This article was originally posted on #FolkloreThursday.com on 27/06/2019 titled British Legends: Wild Edric, the Wild Hunt and the Bride from the Otherworld by zteve t evans.
Wild Edric was an Anglo-Saxon earl from Shropshire who was also known as Eadric Salvage, Eadric Silvaticus and Eadric the Wild. He was one of the wealthiest men in Shropshire and the lord of fifty-six manors. Tradition says he was a great huntsman, hunting areas of the Forest of Clun, Stiperstones and the Long Mynd. Although he was a real person many myths and legends became attached to him such as the Wild Hunt, his faerie bride and the monster fish of Bomere Pool.
The Norman Conquest
Wild Edric was not believed to have fought at the Battle of Hastings, but most of his manors were taken by King William to be given to his own barons. Therefore, between 1068-70 he allied himself with Bleddyn ap Cynfyn, Prince of Gwynedd, and his brother, Riwallon, the Prince of Powys, who were Welsh resistance leaders opposed to William. They attacked the Normans in Herefordshire, devastating Hereford, but, unable to capture the castle, they retreated. In retaliation, the Normans attacked Edric many times, but could not defeat him.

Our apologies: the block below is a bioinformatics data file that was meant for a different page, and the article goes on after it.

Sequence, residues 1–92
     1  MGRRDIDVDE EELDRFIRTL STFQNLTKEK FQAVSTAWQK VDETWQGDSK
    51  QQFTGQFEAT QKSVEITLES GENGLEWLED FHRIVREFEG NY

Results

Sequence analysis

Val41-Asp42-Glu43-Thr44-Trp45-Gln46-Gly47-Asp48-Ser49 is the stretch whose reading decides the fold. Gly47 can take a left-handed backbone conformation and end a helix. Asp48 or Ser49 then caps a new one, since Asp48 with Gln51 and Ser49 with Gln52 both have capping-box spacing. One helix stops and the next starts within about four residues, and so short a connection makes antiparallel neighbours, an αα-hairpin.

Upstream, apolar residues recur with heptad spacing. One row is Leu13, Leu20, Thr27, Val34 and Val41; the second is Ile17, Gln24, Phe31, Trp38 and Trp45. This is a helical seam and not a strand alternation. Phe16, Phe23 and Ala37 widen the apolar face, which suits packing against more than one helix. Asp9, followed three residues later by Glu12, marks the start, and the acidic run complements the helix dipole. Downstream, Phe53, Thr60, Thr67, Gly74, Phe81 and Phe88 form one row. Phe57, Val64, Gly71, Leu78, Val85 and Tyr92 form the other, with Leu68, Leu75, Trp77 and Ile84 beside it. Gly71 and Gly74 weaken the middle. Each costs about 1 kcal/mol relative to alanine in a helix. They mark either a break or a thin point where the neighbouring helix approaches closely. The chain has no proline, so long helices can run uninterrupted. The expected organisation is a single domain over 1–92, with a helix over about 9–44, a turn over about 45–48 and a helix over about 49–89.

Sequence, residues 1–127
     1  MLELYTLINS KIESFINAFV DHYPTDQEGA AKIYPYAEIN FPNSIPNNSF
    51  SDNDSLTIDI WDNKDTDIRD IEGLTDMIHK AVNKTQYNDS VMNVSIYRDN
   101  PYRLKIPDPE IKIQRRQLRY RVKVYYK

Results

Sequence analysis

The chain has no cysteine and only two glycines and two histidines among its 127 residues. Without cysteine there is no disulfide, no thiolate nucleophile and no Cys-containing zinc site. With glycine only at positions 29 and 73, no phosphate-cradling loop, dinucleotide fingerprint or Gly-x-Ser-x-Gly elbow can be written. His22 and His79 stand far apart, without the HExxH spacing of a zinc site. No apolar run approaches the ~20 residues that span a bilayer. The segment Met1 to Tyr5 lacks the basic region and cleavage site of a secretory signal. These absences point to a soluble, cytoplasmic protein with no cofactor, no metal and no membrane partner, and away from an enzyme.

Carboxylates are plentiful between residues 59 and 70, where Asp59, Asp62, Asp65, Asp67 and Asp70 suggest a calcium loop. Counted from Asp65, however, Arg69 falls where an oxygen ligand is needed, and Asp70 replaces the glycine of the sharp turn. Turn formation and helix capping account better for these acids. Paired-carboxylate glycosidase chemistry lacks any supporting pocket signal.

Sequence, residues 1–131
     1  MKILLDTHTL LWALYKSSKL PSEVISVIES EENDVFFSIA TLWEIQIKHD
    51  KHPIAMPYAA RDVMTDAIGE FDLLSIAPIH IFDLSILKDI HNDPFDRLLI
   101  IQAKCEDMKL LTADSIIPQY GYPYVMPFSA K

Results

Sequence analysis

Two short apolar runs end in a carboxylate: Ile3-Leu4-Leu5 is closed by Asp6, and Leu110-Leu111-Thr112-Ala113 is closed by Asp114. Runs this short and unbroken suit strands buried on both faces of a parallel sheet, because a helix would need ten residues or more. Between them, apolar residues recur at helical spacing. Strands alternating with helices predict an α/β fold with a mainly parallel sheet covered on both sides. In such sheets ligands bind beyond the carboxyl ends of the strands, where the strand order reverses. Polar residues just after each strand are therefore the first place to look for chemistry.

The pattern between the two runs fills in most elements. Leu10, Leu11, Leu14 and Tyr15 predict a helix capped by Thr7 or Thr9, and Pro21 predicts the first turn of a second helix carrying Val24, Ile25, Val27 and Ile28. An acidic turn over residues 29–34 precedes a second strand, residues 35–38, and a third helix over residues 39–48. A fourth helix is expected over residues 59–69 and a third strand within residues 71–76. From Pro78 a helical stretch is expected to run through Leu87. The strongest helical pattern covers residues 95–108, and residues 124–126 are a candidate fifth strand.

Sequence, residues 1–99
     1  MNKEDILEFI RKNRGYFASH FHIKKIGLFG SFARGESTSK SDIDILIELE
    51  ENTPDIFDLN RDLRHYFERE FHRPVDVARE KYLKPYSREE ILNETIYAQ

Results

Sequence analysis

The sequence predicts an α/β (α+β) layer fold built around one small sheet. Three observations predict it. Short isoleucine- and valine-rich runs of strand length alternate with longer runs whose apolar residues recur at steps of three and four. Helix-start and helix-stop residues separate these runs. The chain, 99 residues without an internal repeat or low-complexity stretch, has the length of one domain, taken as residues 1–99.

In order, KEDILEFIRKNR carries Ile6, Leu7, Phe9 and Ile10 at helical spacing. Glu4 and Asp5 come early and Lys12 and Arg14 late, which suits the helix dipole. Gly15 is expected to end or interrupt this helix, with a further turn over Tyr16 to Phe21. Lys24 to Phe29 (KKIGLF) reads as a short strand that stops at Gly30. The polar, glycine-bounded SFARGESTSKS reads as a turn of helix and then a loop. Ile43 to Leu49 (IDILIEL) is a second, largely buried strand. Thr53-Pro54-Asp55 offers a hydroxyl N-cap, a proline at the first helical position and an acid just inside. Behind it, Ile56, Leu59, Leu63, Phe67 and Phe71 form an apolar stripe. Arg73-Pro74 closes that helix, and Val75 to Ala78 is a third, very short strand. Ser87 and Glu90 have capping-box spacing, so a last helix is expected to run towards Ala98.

In 1069, William led his northern army to put down a rebellion led by the Earl Mokar of Northumberland and his brother Edwin. While William was preoccupied, Edric and his Welsh allies joined with rebels from Cheshire, attacking Norman lands in northern parts of Shropshire. They burnt Shrewsbury, but were unable to take the castle.
When news of the assault reached William he turned his army around and headed south. Instead of confronting William, Edric retreated back to Shropshire. The Welsh and Cheshire rebels fought William but were defeated near Stafford. William was not satisfied with this victory and proceeded to attack and lay waste the land. Eventually, Edric was forced to make peace and swear allegiance to King William who took all but three of his remaining manors. In 1072, Edric supported and accompanied William in an attack on Scotland.